Review - Godzilla: King of the Monsters
Up till now the apocalypse or disaster genre has enjoyed mixed success, both financially and critically. While this film's predecessor tried to incorporate several different styles, King of the Monsters embraces one to its fullest, but is it for the best?
Following 2014's Godzilla and 2017's Kong: Skull Island, Godzilla: King of the Monsters is the latest instalment in the MonsterVerse which up till now has seen moderate success. To their credit, three movies in and they have had far more success than many other attempted movie universes, with all its films being released in very competitive movie seasons.
I am happy to report that this latest instalment is not only potentially their strongest yet, but also their most fun. Going in I was unsure about comparisons to the likes of Independence Day and the Jurassic Park movies, but after seeing the film I fully understand those links, and totally agree.
Writers Michael Dougherty (who also directs) along with Zach Shields do a fantastic job of giving us the troupes of the disaster movie all with enough restraint and finesse to give us a sophisticated and controlled epic.
While of course there are cheesy ones liners, goofy logic and a few silly jokes, King of the Monsters still gives us enough great visuals, story and character to balance that. The use of the military and titan specialists- Monarch make for a very fun and riveting story. Your enjoyment of those elements and this film as a whole will largely depend on how much you get out of these save the world stories and seeing giant monsters fight it out. But considering its a summer blockbuster, what else could you ask for?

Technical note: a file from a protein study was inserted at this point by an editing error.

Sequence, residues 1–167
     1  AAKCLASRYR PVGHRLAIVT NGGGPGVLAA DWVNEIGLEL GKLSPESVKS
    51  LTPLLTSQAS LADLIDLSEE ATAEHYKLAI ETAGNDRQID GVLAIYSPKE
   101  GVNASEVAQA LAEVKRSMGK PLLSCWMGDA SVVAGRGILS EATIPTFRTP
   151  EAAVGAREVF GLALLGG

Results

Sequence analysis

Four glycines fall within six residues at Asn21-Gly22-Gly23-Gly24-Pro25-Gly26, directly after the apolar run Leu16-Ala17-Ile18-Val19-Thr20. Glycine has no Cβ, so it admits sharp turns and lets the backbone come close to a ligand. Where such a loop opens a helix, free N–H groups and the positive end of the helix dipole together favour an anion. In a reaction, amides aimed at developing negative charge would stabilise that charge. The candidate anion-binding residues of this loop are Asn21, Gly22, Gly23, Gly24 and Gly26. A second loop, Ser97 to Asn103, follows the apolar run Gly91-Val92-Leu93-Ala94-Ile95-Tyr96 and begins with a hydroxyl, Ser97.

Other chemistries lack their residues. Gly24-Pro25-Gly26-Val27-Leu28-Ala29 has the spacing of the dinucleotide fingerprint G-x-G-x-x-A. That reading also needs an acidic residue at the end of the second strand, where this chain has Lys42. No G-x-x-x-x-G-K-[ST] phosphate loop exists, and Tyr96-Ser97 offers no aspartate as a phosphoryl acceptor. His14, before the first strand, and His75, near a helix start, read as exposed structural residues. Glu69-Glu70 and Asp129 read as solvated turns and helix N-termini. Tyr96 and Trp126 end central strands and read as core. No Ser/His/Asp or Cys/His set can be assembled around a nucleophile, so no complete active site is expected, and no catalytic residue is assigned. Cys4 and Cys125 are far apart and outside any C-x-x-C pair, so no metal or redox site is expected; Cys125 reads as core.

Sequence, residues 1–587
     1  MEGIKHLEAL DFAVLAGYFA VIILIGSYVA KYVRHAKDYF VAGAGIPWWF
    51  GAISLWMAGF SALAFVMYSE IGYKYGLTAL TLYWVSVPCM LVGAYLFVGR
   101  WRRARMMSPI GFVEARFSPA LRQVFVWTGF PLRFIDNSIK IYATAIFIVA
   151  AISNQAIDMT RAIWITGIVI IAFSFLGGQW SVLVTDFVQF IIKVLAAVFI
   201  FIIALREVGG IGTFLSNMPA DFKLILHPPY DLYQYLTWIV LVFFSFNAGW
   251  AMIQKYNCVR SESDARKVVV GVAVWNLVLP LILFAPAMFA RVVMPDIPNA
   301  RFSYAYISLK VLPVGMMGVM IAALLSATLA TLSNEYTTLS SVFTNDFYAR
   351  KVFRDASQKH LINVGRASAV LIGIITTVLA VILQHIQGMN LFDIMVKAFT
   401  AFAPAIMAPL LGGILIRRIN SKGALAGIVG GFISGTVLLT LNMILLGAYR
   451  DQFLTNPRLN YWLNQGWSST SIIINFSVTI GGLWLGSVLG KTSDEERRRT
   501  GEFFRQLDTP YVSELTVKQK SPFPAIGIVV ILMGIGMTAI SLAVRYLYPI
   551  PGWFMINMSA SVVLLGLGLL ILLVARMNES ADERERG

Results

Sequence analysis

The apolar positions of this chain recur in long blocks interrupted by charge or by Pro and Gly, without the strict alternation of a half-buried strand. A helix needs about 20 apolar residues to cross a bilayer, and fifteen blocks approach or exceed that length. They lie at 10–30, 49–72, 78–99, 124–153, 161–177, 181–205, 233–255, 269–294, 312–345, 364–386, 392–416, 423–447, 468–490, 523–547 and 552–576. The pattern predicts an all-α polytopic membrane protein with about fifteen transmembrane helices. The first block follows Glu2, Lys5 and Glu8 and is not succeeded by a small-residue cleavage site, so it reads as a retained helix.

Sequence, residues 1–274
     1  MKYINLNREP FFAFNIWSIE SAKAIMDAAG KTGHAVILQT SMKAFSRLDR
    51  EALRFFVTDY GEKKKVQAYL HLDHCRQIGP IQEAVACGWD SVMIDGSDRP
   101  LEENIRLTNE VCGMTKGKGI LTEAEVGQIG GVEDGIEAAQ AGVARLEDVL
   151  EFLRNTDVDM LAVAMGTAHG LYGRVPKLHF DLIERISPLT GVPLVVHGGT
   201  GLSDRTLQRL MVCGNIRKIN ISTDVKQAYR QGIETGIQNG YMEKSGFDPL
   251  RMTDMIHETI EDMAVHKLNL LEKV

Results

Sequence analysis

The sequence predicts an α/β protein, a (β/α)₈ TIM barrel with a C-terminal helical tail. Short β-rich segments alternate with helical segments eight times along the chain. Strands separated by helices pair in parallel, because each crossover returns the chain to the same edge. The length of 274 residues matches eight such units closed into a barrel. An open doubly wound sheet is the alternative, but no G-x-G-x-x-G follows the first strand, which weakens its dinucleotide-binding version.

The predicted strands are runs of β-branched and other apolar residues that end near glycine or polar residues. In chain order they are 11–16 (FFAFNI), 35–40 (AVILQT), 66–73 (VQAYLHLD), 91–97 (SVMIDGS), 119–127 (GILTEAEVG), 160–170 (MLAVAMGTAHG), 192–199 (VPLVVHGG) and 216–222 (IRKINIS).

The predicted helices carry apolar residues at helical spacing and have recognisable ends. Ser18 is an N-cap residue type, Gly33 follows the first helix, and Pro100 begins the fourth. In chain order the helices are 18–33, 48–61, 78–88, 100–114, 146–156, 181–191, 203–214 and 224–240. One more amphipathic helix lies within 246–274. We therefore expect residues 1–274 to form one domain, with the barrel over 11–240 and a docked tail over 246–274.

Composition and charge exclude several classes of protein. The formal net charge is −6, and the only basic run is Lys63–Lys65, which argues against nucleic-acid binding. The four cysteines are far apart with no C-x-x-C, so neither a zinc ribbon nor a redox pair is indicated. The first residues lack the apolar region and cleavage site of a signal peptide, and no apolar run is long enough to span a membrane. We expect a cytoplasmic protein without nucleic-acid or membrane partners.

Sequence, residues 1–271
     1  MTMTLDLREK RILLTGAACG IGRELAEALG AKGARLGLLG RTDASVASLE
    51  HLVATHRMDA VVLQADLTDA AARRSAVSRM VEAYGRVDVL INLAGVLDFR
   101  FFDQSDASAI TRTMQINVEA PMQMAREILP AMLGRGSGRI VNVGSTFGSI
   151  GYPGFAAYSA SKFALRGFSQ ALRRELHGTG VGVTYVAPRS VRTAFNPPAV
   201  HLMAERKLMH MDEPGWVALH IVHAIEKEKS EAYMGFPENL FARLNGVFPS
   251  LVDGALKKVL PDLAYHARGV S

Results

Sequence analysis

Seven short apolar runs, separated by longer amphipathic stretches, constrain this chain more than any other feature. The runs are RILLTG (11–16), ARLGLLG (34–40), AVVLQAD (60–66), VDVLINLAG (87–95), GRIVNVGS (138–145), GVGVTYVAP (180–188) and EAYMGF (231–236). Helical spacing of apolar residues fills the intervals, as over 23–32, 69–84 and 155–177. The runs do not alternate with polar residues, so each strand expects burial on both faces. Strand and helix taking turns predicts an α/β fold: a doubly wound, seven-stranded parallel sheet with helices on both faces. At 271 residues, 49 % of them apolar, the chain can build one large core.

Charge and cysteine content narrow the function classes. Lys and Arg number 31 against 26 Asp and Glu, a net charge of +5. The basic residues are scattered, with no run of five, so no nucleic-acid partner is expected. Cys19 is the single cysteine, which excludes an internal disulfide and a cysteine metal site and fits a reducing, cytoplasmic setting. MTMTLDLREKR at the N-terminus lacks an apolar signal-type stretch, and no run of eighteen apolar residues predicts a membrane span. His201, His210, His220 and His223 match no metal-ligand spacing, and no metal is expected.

A lot of what sells the film has to be credited to the cast who all do a great job embracing the fun and seriousness of this movie. Vera Farmiga makes for a compelling villain/ lead with some great emotional moments and convincing monologues. Millie Bobby Brown is tremendous as usual, carrying over a lot of what makes her compelling in Stranger Things without being there purely for her success or to just replicate her character of Eleven.
The habit of casting actors from big TV shows has become notorious in recent blockbusters and while we see that here with Charles Dance from Game of Thrones, his role is small enough for it not too distract too much.
Sally Hawkins and Ken Watanabe are lovable as always, giving us the majority of the best lines in the movie and while this is a slight spoiler, so be warned, I do worry as to how the franchise will continue without them as the voices of reason in Monarch. The Coulson and Fury of the MonsterVerse if you will.
Anyway back to spoiler free zone. The rest of the supporting cast all have their moments and even if lacking in dialogue they make up for it with compelling and engaging action. Credit to Bradley Whitford, Elizabeth Ludlow and Aisha Hinds the latter who plays the strong Colonel Diane Foster, who all made impressions with what they had.